When you’re new to someone’s home, you conduct yourself in a respectable manner. If you see that people take their shoes off before going upstairs, you ask if you should take your shoes off (at least I do). You basically conduct yourself in a way that’s respectful of the other person’s space.
In social media, new users might do things that go against the norm of what’s considered “appropriate” behavior. You might get someone who spams Twitter will blatant self-promotional Tweets. Or someone who spams Facebook Walls with links to their own stuff. Sometimes, you try and give them the benefit of the doubt. After all, they’re new.
So today, I thought I’d publish an informal guide to the unspoken rules of online etiquette. Feel free to add your own take in the comments.
- Unless you’re a big name brand like Coca-Cola, people don’t like friending logos.
- Ditch the glamour shot from 10 years ago.
- Be mindful of what you publish (blogs, comments, Tweets, Status Updates, etc.) because once it’s out there, it’s out there.
- Venting about a client on Facebook probably isn’t a good idea especially if you’re friends with said client on Facebook.
- A well polished website design makes a difference. If your site is too difficult to navigate, you’re going to lose customers.
- Friending isn’t an obligation, it’s a privilege. Don’t get upset if someone doesn’t “Follow” you back or accepts your “Friend Request” on Facebook. It’s nothing personal (unless of course it is).
- It’s ok to follow the competition (you don’t have to, but it’s ok if you do).
- It’s ok to set different rules for different networks. For example, I’m more likely to follow (almost) anyone on Twitter, but I won’t accept your Friend Request on Facebook unless I personally know you and/or we’ve met before.
- Use lists whenever possible. You can create lists on Twitter, Facebook and use “Circles” on Google+. Use lists as a way to manage noise and follow who’s important to you.
- Don’t moderate comments. If you must, just make sure it doesn’t take you a week to approve them. There’s no quicker way to make reader’s feel neglected.
- Responsiveness counts. If I leave a comment, and you don’t respond, but you responded to everyone else’s comment, well, you just lost a reader and potentially a customer.
- Don’t take days to respond to an email inquiry. Especially if your contact form reads “we respond to emails within 24 hours.” You’ll lose business opportunities this way.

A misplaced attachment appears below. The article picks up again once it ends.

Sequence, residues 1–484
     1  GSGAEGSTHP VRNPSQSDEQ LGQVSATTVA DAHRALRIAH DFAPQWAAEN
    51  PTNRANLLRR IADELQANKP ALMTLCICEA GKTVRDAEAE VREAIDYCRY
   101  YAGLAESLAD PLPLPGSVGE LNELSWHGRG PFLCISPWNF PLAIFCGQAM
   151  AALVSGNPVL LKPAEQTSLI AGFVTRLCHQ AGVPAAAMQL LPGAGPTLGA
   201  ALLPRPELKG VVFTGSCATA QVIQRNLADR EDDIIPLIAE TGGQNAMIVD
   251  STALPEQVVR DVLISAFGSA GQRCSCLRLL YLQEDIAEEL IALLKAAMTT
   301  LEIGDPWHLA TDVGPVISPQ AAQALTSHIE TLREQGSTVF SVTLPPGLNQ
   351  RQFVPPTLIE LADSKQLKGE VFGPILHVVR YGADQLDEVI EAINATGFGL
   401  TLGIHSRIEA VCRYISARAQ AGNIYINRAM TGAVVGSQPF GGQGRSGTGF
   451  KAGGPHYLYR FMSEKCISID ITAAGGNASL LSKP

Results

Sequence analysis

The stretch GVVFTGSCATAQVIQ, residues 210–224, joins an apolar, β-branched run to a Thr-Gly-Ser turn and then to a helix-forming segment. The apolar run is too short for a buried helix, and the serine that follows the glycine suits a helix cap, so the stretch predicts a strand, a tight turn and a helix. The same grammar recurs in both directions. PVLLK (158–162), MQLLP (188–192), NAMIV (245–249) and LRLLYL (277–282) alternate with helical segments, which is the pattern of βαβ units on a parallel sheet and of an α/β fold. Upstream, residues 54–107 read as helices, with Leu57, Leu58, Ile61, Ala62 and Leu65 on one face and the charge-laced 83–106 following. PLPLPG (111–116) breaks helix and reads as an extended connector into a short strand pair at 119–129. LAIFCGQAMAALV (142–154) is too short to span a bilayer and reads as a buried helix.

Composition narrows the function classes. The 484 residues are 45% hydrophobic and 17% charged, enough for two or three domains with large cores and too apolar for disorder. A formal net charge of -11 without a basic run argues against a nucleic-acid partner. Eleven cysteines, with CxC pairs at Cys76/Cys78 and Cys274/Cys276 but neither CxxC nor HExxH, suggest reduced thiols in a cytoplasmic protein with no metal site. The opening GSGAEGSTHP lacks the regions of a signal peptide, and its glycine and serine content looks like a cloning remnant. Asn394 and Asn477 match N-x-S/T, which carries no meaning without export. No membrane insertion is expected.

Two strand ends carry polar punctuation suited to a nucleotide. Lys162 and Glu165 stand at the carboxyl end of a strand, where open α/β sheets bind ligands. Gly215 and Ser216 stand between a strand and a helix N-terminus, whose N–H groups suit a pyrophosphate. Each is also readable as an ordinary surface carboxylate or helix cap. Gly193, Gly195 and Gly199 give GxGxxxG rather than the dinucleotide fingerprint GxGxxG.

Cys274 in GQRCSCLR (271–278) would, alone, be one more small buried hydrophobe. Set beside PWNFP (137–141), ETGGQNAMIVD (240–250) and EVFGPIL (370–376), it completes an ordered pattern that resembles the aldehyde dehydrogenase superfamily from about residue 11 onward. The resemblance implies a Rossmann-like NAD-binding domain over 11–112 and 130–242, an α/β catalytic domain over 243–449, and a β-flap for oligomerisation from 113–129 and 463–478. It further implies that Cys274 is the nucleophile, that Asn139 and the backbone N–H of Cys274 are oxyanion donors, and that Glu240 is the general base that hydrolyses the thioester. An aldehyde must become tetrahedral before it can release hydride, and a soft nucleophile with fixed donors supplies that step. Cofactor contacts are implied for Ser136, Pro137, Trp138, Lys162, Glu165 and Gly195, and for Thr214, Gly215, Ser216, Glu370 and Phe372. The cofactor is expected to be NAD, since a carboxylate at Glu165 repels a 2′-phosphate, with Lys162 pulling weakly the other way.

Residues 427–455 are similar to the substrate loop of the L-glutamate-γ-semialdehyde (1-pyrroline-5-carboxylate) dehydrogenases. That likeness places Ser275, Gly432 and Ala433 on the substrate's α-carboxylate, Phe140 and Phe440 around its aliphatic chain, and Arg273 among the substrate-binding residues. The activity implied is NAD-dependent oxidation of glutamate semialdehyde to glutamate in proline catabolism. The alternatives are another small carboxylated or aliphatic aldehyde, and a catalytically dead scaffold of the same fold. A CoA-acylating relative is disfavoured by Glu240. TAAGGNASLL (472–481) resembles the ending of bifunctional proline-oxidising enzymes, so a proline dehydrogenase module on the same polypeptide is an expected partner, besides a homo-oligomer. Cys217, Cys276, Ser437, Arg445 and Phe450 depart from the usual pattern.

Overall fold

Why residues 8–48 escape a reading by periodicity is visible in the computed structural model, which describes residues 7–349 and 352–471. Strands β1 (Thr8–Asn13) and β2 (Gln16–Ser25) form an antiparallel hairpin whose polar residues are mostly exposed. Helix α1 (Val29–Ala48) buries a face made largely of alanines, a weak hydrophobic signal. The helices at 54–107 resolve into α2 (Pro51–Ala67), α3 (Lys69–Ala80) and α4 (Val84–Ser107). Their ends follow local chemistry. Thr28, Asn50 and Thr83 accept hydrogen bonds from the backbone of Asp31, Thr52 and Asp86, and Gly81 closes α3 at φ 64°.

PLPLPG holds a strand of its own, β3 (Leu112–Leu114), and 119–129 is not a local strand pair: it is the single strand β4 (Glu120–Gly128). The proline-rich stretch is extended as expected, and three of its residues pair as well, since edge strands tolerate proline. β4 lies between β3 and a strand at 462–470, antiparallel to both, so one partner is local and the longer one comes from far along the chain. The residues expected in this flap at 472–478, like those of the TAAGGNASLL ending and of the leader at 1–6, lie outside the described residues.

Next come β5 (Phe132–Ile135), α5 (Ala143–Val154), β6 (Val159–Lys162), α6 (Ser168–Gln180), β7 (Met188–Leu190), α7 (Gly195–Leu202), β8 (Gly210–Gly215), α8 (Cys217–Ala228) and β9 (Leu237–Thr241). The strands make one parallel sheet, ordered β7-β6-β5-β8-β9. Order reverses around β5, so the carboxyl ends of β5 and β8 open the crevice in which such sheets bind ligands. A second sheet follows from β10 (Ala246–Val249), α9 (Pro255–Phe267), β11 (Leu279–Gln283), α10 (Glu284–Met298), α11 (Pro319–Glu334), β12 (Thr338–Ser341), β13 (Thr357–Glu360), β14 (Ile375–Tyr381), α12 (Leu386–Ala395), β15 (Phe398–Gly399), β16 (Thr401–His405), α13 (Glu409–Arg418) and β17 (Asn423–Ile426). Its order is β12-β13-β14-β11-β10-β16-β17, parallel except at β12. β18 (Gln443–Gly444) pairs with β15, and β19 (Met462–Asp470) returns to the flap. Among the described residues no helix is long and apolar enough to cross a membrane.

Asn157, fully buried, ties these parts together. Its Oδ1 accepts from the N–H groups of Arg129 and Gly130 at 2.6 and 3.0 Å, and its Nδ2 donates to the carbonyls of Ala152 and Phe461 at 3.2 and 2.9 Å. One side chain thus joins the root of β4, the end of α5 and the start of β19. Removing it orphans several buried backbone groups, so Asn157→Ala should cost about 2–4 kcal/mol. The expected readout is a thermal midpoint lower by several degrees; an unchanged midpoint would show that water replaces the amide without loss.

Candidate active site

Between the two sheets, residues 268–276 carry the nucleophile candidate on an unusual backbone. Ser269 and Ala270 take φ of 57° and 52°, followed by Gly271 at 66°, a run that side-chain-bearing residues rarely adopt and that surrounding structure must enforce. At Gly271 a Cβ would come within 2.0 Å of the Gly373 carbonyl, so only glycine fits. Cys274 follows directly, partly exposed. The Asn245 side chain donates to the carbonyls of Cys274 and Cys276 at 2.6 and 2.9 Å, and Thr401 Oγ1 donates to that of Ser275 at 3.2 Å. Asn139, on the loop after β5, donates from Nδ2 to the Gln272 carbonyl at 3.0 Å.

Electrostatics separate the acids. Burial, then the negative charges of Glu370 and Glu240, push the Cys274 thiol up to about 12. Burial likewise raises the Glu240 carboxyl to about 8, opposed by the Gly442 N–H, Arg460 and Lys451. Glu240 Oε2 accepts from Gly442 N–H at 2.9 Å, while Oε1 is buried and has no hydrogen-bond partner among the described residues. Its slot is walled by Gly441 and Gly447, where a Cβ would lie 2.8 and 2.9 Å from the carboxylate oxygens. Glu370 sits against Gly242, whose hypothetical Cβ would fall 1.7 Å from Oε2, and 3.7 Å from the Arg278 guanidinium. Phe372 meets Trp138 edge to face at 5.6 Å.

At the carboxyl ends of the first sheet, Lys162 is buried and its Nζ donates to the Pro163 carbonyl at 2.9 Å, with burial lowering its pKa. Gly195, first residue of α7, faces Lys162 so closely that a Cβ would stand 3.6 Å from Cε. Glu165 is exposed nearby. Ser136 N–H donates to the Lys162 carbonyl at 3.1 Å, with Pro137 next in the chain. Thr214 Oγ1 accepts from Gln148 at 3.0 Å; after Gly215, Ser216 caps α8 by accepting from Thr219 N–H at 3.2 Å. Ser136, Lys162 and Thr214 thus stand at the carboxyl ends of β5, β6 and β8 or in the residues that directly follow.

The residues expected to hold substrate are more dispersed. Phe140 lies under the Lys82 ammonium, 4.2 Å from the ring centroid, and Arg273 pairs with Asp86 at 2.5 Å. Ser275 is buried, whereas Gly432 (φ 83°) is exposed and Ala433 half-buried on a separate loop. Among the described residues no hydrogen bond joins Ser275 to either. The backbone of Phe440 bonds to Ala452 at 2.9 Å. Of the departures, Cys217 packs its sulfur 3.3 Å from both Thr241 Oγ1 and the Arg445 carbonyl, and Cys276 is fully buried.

- You don’t have to reply to all social mentions, but do make an effort. It says you don’t care and you’ll quickly lose some of your best fans.
- You don’t need to RT every positive compliment someone gives you – that’s annoying. In some cases, it looks like you’re “trying to hard.” A simple “thank you” should suffice.
Sharing & Promoting
- Promote other people’s stuff 10x’s more than you promote your own. This does two things: 1.) it builds good karma and people will see you as a resource for finding good content, 2.) it shows that you’re not just there to blatantly self-promote and sell your own stuff.
- It’s ok to link to your recent blog post or event Tweet out a discount – you know, that self-promotion stuff. But as they say in the Tanqueray commercial’s, “always in moderation.”
- Just remember, the more you promote others, the more likely they are to promote you in return.
- If you like something someone wrote, Tweet it, “Like” it, Stumble it. It’s encouraging and it’s also an indirect of saying “hey, that was a really good post.”
- But don’t send me a DM every day asking me to Tweet, “Like,” and Stumble your latest blog post – especially if we’ve never met before.
- The more consistently you create, the better. That could mean once a week, twice a week or daily. Just as long as you stay consistent.
- Generally speaking, the more you publish, the more traffic you get (provided it’s good, relevant content).
- Use images and lists to break up your text and make it easier to read (remember: people love to skim through content).
- Don’t forget about your Call To Action and the end of each post. This could mean asking people to comment, subscribe or take action on something (a product) you have to offer.
- Don’t RT yourself once every hour. On the other hand, it’s ok to Tweet about your post 2-3 times a day to reach different time-zones.
- Don’t DM people you don’t know or have previous relationship with asking them to RT your blog post.
- Don’t spam other people’s comments saying things like: “Great post, I recently talked about this subject here ______________. You should read it and Tweet it!”
- Comment when you have something valuable to add to the discussion (this includes blogs, Facebook updates, and Google+.
- Don’t email everyone on a Facebook thread. Those are annoying. Instead, email folks individually. Or use your Fan page to communicate with folks in that manner.
- If you comment on a Facebook thread, the notifications will end sooner or later.
- I know your newsletter is awesome, but still, don’t assume I want to receive it and auto-subscribe me. By default, that ruins our relationship before it even starts.
- Once you build an email list, work hard on delivering the promise you made to subscribers. The second you stray from that message, you’re going to start losing subscribers.
What would you add? How else do you think companies, brands and marketers should conduct themselves when interacting online?
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